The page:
Yes, you read that headline right! Fast-fashion giant Zara, under the company Inditex, has promised that by 2025 a whopping 100 per cent of their cotton, linen and polyester materials will be organic, sustainable and recycled.
As the world’s third-largest apparel company, just behind Christian Dior and Nike, this announcement from popular brand Zara is making significant waves in the fast-fashion industry. This news follows on the heels of UNIQLO, who recently said they’d reduce single-use plastic by 85% by 2020, and Burberry, who plans to be completely carbon neutral by 2022. In light of all this positive change, we’re anticipating other clothing brands, particularly fast-fashion brands, to pick up their sustainability slack as well.
The best part is, it’s not just Zara. All eight brands under Inditex, including Pull & Bear, Zara Home, Massimo Dutti, and more, are aiming for that 2025 sustainability deadline.
The best best part? There’s more!
Inditex getting rid of plastic bags by 2020
At the company’s Annual General Meeting, Inditex executive chairman Pablo Isla also announced that by 2020, they’re fully eliminating the use of plastic bags. Zero. None. Kaput. By next year, you won’t be getting any more plastic bags from Inditex to stuff in your plastic bag drawer.
And if you haven’t noticed yet, your local Zara and Zara Home, as well as Massimo DUtti and Uterqüe, no longer give their customers plastic bags anyway. Everyone’s rocking blue Zara paper bags, and have been for a while now.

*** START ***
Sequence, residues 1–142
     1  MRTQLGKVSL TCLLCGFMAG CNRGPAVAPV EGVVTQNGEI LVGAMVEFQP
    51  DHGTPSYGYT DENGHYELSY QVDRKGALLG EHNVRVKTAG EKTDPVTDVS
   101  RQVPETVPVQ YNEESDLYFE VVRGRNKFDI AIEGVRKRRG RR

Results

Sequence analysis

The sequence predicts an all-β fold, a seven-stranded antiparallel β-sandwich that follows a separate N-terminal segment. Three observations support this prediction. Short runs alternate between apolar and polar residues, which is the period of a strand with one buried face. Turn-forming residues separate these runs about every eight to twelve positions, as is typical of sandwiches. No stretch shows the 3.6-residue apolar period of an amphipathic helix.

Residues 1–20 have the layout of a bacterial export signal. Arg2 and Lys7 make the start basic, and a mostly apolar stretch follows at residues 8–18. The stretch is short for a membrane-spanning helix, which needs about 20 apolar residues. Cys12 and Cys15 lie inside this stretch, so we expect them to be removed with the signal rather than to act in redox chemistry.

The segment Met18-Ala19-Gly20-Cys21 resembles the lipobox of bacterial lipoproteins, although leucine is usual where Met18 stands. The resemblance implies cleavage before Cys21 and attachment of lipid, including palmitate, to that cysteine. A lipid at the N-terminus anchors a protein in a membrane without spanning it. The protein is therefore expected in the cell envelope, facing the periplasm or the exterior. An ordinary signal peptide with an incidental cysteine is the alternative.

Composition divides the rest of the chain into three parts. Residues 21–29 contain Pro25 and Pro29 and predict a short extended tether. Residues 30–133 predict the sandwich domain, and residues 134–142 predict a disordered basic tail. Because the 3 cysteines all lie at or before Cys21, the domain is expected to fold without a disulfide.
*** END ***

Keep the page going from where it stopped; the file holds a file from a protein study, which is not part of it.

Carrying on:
What does all this mean for consumers?
Sustainability is sexy. It’s the only path forward. We want to be trendy and rock the latest pieces without contributing to our planet’s decline. But before you waltz over to shop at Zara, it’s important to note that today, only 20% of Zara’s collections are made from sustainable fabrics.
And even though they are eliminating single-use plastics, sustainability comes from each step of the process of making clothes. If Zara wants to be completely sustainable, it will have to redefine most of the processes throughout the production cycle. The brand has six years to deliver on this massive promise.
Just to drive our point even further, there’s also the question of how long these clothes manage to stay in our wardrobes. You want clothes that won’t disintegrate after two washes. After all, in the UK alone, 235 million items of clothing were sent to the landfill in 2017. Quality, sustainable fashion is a responsibility that both brands and consumers must take seriously.
So what’s the moral of the story? Despite all these grim realities and challenges, it’s still good to know that huge brands are taking big steps to take better care of our planet. It gives sustainability advocates (aka babes) like us something to look forward to.
Imagine being able to walk into your local Zara (or your local anything) and buying a trendy, high-quality piece without the guilt or the remorse! Sounds like an ideal world to me.
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